CHICAGO (CBS) — The heavy rainfall from Monday night’s storms prompted officials to open the Chicago and Wilmette locks to prevent raw sewage from overflowing out of the sewer system, and instead dump a mix of storm runoff and sewage into Lake Michigan.
More than two inches of rain fell in Chicago during two rounds of severe thunderstorms, overwhelming the Deep Tunnel system designed to store storm runoff and prevent the need to open the locks that divide Lake Michigan from the Chicago River. Up three or four inches of rain fell in some suburbs.
The Metropolitan Water Reclamation District of Greater Chicago said it opened the Chicago River locks downtown shortly before 1 a.m, and closed them again at 7:10 a.m. The gates at Wilmette were opened at 11:23 p.m. Monday, and closed at 5:50 a.m. Tuesday.
Systems dispatcher Lawrence Mazzocco made the decision to open the locks for the Metropolitan Water Reclamation District. He said the existing system was still recovering from storms over the weekend, and was 60 percent full, when Monday’s storm began.
Mazzocco said he cannot wait until Deep Tunnel’s 7.9-billion gallon permanent Thornton Reservoir opens in a year and a half. He said it would have made a difference this week, with the two storms so close together.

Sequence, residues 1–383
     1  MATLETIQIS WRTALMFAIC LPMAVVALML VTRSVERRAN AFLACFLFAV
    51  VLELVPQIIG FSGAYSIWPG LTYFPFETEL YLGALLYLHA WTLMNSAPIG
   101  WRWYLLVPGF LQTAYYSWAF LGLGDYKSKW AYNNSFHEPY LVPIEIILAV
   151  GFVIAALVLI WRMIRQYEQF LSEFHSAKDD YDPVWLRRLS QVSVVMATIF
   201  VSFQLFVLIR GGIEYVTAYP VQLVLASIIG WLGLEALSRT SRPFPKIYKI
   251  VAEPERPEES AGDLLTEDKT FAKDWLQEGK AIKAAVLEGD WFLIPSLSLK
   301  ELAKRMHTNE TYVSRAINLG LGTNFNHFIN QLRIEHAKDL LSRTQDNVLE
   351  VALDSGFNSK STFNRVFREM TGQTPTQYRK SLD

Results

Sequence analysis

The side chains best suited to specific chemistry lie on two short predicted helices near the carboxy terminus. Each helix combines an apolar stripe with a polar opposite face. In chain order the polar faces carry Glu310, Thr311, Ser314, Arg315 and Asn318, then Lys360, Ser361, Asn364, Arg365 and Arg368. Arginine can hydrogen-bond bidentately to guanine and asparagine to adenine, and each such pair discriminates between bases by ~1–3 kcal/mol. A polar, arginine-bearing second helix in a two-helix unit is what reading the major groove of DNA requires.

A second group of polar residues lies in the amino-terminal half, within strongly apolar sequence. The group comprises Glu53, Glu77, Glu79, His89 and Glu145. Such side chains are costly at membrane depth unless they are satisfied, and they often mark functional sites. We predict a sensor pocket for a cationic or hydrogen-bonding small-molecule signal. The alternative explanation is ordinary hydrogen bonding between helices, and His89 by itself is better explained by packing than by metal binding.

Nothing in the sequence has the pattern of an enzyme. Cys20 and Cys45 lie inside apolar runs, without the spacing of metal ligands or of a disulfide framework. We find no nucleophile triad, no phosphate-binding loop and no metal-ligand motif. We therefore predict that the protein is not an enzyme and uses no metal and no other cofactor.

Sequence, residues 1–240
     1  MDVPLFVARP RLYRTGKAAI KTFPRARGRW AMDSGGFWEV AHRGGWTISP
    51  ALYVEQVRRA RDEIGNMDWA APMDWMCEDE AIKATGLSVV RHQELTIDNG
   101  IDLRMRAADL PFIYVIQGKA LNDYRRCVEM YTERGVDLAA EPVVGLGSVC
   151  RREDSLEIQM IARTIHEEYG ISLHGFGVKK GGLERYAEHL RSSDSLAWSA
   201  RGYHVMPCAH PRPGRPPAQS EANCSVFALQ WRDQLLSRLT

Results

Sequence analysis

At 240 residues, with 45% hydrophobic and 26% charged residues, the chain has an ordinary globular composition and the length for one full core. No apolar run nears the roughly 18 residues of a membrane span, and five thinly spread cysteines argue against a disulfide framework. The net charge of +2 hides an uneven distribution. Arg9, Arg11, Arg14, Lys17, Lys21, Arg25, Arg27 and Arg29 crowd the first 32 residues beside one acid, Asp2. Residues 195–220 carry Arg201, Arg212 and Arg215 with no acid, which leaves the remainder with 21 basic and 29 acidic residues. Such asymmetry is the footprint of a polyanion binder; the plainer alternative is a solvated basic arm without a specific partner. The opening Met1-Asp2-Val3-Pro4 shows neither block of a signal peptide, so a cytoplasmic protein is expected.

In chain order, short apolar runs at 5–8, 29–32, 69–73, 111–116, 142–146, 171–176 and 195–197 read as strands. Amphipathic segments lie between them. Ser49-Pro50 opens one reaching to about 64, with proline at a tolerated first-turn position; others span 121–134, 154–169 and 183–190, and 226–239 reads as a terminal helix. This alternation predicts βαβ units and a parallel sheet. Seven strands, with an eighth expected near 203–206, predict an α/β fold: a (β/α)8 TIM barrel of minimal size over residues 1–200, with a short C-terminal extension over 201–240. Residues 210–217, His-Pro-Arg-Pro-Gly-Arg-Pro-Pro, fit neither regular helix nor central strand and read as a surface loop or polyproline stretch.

MWRD Executive Director David St. Pierre said that while, in the long term, the Lake Michigan locks have had to be opened to allow storm water runoff on average about once a year, the frequency has increased in the past five years.
St. Pierre said the Deep Tunnel system worked Monday night as designed, given that the Chicago area is relatively flat and that much of it was once marshland. Mazzocco said what the system needs right now is a few dry days. He said, if forecasts hold, the Deep Tunnel system should return to normal in a few days.
Due to all the raw sewage and storm runoff that ended up in the lake, the Chicago Park District banned swimming at all Lake Michigan beaches. The beaches themselves are open, but swimming is not allowed due to high bacteria levels in the water.
The Park District will monitor bacteria levels at the beaches and lift the swimming bans as conditions permit.
The MWRD said it has not yet measured how much water was released from the river into the lake. That estimate will be determined over the next few weeks.
The river rose so high as a result of Monday’s storms, some tour boats could not pass under Chicago River bridges as they normally do, because their roofs would have hit the bottoms of some bridges. Some tours were canceled as a result, while others simply ran on limited schedules.